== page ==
Moms: Ditch the Car, Ride a Bike!
Recent research from the National Institute of Environmental Health Sciences found that switching to bikes from cars for half the short trips Americans make, cuts air pollution. It’s estimated the reductions in car emissions of very fine particles, which lodge in the lungs, could be reduced by 433 deaths a year. Cardiovascular and pulmonary diseases would go down, and health costs could be cut by up to $3.8 billion each year.
Moms, please read this guest post by Alexander Lemann and grab your bikes! – Dominique Browning
I try not to lecture my mom about how she should live her life, tempting as it might be. She was a fully formed adult, and a successful one at that, when I was just a helpless little vegetable. So what could I possibly tell her? There is one exception I make to this rule, one piece of advice I feel competent to bestow over and over again: Ride A Bike!
The case for why moms should ride bikes is an easy one. Riding a bike is usually faster, cheaper, more convenient, better for you, better for the environment, and more fun. I commute to and from work every day on my bike. I never run into strange transit delays. I never get stuck in traffic. My commute is virtually free, and I arrive at the office feeling energized and alive. I use my bike to get groceries, meet friends, and just to explore. The more I bike and learn about biking, the more impressed I am by the variety of people who ride. You don’t have to be a daredevil messenger bombing through red lights or a lycra-clad roadie with a bike that costs as much as a car and weighs less than a bottle of water. It takes all kinds, as my grandfather used to say.
So my advice to my mom is just to get out there. Don’t worry about what other people are doing or what anyone says is “right” – just do what feels natural to you. Go at your own pace. Start with little errands around your neighborhood. Learn how to ride safely on the streets, how to lock your bike up so it won’t get stolen, and how to pump up your tires. The rest will take care of itself.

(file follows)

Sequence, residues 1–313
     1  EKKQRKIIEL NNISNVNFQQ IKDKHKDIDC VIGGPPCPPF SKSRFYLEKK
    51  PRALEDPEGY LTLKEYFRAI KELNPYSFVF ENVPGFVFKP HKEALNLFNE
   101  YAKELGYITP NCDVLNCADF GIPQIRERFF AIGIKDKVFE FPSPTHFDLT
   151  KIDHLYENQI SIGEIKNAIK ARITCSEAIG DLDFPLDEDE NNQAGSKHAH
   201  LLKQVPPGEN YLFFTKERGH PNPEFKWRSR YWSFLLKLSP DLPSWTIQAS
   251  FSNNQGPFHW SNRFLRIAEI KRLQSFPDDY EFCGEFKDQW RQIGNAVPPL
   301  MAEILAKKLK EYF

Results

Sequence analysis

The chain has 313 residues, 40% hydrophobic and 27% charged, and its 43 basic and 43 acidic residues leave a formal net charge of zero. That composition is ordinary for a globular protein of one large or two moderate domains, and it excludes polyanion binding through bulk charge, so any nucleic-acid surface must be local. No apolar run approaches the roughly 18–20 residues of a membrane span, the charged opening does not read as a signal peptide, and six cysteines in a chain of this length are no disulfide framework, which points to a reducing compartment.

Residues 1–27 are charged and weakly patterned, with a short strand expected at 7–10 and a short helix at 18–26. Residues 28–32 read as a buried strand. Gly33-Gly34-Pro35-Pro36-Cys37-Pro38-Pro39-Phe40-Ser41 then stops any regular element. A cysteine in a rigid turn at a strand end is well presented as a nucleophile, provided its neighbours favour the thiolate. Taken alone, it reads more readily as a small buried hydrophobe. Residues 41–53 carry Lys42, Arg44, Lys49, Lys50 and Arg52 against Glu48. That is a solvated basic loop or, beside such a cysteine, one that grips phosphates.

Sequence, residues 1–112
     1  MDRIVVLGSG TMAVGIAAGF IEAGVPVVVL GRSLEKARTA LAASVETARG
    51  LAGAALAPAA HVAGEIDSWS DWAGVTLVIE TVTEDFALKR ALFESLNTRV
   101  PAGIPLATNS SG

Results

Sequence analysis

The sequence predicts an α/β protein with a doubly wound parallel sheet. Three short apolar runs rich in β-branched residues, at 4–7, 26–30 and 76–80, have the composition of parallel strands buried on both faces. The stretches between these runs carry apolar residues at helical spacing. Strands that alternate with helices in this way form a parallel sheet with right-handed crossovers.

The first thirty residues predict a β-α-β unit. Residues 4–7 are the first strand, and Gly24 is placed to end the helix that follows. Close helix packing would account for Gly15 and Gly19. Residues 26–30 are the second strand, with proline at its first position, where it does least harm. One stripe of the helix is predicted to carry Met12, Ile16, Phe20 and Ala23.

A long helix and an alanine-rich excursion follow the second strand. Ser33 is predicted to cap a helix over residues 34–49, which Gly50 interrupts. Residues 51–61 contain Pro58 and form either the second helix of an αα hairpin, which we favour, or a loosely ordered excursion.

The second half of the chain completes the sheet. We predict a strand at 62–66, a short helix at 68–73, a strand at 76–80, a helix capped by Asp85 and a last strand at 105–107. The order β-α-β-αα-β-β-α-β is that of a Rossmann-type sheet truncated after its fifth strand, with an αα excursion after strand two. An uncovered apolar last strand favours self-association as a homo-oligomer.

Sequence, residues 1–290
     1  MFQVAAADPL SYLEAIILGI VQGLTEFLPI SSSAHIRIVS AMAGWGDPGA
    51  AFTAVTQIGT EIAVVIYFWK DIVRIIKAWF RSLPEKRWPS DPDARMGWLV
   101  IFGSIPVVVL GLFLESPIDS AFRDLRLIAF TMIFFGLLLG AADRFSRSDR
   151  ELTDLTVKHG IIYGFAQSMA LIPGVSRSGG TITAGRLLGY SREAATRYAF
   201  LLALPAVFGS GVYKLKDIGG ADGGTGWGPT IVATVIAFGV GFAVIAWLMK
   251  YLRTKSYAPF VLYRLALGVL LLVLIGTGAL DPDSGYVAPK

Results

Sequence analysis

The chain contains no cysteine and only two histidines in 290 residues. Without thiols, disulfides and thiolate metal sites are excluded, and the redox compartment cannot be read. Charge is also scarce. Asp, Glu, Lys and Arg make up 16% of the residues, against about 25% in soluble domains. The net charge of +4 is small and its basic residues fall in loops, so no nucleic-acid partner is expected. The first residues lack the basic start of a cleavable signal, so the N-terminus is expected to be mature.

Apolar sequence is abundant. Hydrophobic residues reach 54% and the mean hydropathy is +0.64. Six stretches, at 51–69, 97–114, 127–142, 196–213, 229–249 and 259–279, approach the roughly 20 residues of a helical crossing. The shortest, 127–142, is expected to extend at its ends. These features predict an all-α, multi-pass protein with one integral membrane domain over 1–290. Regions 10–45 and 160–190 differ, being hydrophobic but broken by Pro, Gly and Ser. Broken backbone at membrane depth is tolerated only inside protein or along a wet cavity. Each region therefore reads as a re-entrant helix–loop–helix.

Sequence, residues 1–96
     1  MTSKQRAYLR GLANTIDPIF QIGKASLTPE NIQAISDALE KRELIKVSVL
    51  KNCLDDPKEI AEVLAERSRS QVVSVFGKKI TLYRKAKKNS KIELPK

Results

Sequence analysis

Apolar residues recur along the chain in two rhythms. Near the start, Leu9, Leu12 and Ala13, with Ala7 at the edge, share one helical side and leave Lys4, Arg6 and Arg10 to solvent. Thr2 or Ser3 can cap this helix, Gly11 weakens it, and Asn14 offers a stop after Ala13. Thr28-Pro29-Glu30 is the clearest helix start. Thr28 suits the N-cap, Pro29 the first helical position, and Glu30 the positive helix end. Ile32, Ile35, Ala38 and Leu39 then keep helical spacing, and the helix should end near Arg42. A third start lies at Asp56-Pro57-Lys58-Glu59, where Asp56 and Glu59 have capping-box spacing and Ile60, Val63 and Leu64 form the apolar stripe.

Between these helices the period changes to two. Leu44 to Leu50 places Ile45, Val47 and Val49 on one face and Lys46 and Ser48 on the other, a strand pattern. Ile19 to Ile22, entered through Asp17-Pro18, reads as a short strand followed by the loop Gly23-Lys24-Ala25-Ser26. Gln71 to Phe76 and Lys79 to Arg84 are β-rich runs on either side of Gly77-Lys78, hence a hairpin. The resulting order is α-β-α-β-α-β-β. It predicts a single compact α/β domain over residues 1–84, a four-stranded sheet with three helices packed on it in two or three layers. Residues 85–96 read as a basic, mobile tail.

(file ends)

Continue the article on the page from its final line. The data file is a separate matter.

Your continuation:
What kind of bike to get? There are bikes for just about any purpose. Some are designed to break speed records, some are designed to be ridden off cliffs, and some are designed to carry stacks of newspapers. One important point is that bikes are amazingly versatile; you don’t need the “perfect” bike, and most bikes can be adapted pretty easily and cheaply to do a wide range of jobs. If you already have a bike, put a rack on it so you can carry things, put some fenders on it so you don’t get sprayed when you ride through puddles, and put some lights on it so you can ride safely in the dark. Even changing the tires can change the way a bike feels and what it can do. Take whatever bike you have to your local bike shop and ask about using it for whatever you want to use it for. They’ll give you good advice.
My mom doesn’t have a bike at all, so if you’re like her, you’ll need to buy one. My advice to her is to go for versatility, convenience, quality, and most important, something that makes her excited about riding. You don’t have to spend a lot for a good bike, but you probably don’t want to go to Wal-Mart and get the cheapest thing you can find. It won’t be made well and you’ll find yourself needing a new one before you know it. One company that makes functional, versatile, reasonably priced bikes with a certain stylistic flair is Public. If you’re buying groceries for a family of four, or taking the kids to school, consider a European cargo bike, like the Bakfiets. These have big, handsome wooden boxes on the front. They’re expensive, but they can carry an incredible load of kids and stuff with ease. Another popular option is the Big Dummy, made by Surly.
Finally, I will tell my mom, you’re not alone! Lots of other women are out there discovering the joys of biking, and in our modern times you can trust that a good number of them have blogs. Three of the best are Lovely Bicycle, Let’s Go Ride a Bike, and EcoVelo. These sites will give you excellent advice on how to deal with a whole range of little obstacles you might find in your path, honest reviews and recommendations of bikes, clothes, and accessories, and most importantly, a good dose of enthusiasm.
So, Mom, you should get a bike and get out there. I promise you won’t regret it.